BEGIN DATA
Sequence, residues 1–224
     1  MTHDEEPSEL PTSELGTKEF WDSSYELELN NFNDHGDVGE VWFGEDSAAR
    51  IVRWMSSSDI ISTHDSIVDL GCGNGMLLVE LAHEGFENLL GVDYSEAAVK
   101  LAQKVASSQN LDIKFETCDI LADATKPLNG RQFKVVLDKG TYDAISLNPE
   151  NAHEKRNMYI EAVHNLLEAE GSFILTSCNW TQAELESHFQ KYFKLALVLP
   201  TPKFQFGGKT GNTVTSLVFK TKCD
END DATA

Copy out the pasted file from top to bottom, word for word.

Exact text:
Sequence, residues 1–224
     1  MTHDEEPSEL PTSELGTKEF WDSSYELELN NFNDHGDVGE VWFGEDSAAR
    51  IVRWMSSSDI ISTHDSIVDL GCGNGMLLVE LAHEGFENLL GVDYSEAAVK
   101  LAQKVASSQN LDIKFETCDI LADATKPLNG RQFKVVLDKG TYDAISLNPE
   151  NAHEKRNMYI EAVHNLLEAE GSFILTSCNW TQAELESHFQ KYFKLALVLP
   201  TPKFQFGGKT GNTVTSLVFK TKCD